Monday, August 29, 2011

Monday August 29th

I'm working on the blog this morning before we get ready to go off on an all-day trip to El Porvenir, the coffee cooperative many miles to the north. Yesterday I was with the group that skipped out of Quaker Meeting and instead went to the National Museum. I was impressed with the quality of the displays and much art that speaks about the revolution. Walls at the entry and in various places about the museum are covered with murals - paintings depicting Augusto Sandino, the national historic hero, and Carlos Fonseca, martyr of the revolution and many others. 
A Prominent Display in the Nicaragua National Museum
We had an English speaking guide who gave us a detailed running narration of the exhibits. The first few exhibits depicted the geologic history of Nicaragua. So it seemed at first that it was a natural history museum, but there were also many artifacts that illustrated the native cultures and later it large modern paintings. I was impressed by what the guide said about the pre-historic human migrations. She said that some old people of the indigenous cultures tell stories that have been passed down for many generations about how their people came here from Mexico to flee the cultures there that performed human sacrifice. I asked if any of the cultures here used those practices. She said that, no, the indigenous cultures here were more peaceful than those further north. They know that because the bones and skulls found here do not show the results of violence that are evident in other places. 
Pedro Guerrero Demonstrating his Craft.
The day before, Saturday, I was impressed by our visit to the pottery shop of Pedro Guerrero. He did a demonstration of how he makes a pot. Talking while performing operations that his hands did so naturally and easily making it look easy to create a near-perfect pot with a sea turtle in relief. In his display room full of amazing pottery, it nearly took my breath away. I bought a few pots for gifts and chatted with Pedro's 17 year old son Eduardo who makes pots nearly as beautiful as those of his father. He will be going off to college soon. I felt a special connection with this young man as I wished him luck in his future.

There are many other experiences of yesterday that I will remember, but I will leave those events for others to write about. Josh has a great perspective on the liberation theology mass we attended at the Batahola Norte Community Center.     

Josh von Kuster:
We had a bit of a spiritual day today (Sunday).  Right after breakfast, we had a delegation worship sharing centered on the querries of what we anticipate bringing back with us spiritually and whether we anticipated our lives changing as a result of this trip.  Afterwards, 12 of us, including myself, went to Quaker House here in Nicaragua and had a rather vocal hour of meeting for worship with 7 local attenders.  We had lunch at a Salvadoran restaurant and then toured the city for the afternoon: the highlights being stops at Revolution Plaza, a hill with about a 270 degree view of the city and lake, and a fair trade organization/shop.  We then went to a Liberation Theology mass, which proved to be the most profound experience of the trip thus far to me.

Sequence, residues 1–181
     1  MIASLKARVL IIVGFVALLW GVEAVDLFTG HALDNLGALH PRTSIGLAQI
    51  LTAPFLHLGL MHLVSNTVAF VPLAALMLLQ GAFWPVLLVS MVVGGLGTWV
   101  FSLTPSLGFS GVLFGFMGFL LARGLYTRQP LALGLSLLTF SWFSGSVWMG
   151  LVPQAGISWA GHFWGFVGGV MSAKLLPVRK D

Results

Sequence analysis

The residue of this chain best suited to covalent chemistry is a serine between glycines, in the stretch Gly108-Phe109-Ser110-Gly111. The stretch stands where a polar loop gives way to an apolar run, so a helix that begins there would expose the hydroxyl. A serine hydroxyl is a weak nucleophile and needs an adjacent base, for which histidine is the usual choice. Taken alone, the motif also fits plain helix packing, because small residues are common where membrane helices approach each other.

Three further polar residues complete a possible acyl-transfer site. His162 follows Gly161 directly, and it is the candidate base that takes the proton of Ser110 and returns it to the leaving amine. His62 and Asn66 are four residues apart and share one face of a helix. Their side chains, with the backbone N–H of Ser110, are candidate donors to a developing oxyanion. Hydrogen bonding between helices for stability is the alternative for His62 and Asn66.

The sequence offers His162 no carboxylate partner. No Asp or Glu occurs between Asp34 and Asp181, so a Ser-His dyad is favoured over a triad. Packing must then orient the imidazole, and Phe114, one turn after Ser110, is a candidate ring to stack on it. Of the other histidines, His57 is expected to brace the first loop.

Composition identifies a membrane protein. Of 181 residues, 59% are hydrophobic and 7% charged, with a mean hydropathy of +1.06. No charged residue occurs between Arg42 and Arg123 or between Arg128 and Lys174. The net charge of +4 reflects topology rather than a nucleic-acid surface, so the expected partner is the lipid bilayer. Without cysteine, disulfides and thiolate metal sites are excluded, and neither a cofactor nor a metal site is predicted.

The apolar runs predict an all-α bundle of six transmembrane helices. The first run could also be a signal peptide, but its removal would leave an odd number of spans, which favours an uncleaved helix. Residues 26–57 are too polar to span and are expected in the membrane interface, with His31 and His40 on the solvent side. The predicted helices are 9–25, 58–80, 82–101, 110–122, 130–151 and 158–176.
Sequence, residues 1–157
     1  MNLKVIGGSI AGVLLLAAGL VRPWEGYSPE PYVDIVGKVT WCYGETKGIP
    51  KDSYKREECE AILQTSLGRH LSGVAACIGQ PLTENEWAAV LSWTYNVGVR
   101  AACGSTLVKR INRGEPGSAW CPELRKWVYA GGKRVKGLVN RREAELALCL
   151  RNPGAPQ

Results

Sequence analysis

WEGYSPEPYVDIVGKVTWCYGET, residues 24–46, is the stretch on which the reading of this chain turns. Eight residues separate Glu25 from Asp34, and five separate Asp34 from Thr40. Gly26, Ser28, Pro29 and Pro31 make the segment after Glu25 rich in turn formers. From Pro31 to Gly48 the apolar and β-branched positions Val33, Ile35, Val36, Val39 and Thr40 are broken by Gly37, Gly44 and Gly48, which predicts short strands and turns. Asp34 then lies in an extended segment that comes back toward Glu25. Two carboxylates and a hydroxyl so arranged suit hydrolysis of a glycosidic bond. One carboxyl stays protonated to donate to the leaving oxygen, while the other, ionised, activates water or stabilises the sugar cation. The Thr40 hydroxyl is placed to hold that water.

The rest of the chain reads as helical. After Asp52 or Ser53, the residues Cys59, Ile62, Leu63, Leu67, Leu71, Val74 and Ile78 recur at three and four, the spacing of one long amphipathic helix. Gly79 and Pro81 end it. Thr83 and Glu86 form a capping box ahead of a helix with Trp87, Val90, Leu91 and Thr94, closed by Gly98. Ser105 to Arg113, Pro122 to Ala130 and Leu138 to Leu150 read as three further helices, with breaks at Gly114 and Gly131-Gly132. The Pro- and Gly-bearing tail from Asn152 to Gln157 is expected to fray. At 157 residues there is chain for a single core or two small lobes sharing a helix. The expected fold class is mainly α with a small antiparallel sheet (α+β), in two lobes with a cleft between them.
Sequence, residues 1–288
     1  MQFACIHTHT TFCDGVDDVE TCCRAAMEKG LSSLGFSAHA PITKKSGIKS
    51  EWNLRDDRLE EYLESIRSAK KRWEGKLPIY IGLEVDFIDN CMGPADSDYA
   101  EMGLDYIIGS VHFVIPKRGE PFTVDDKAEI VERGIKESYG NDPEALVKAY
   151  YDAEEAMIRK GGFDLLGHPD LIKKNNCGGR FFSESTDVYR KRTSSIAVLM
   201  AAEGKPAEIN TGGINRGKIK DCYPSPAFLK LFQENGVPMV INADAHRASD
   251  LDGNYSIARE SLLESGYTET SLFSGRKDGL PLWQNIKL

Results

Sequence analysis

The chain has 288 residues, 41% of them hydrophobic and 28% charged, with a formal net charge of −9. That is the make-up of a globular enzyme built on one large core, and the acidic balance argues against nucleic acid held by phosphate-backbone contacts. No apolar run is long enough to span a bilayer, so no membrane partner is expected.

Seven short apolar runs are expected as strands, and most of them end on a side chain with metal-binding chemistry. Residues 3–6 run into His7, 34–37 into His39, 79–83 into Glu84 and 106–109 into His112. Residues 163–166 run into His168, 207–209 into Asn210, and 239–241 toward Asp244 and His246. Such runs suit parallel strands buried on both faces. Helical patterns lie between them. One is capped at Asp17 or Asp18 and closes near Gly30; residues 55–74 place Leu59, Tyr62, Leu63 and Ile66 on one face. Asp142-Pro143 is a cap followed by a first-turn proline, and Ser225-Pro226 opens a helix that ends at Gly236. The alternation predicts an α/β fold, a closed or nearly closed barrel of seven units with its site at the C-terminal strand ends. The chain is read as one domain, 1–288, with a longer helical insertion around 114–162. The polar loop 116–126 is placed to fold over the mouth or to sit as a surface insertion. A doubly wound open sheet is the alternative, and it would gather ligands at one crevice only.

Mural at the Batahola Community Center
where Mass was held
The structure was somewhat reminiscent of the covered outdoor basketball courts you find in Portland parks.  There were lots of colorful, lively murals, the most stark of which was the back of the altar.  In the area usually occupied by a guilded crucifix or by ornate wordwork, there was a nativity scene.  Except here rather than shepherds and maggi, we found common Nicaraguan folk offering not gold, frankincense and myrh but mangos, corn, linens and other gifts of daily life in this country.  There were far more women present in the mural than men and the men present included Che Guevera, Augusto Sandino and other figures of the Revolution encouraging and looking on at the periphery of the scene.
I have to confess that my Spanish is not equal to the task of keeping up with a Catholic homily, but the entire time the priest was speaking, I was contemplating the welcome unamericanism of having a "terrorist"  vilified by the US government in zealously religious terms like Che looking out on me from the position usually reserved for Jesus in every Catholic church I have ever visited.  To say it was unexpected is an understatement.

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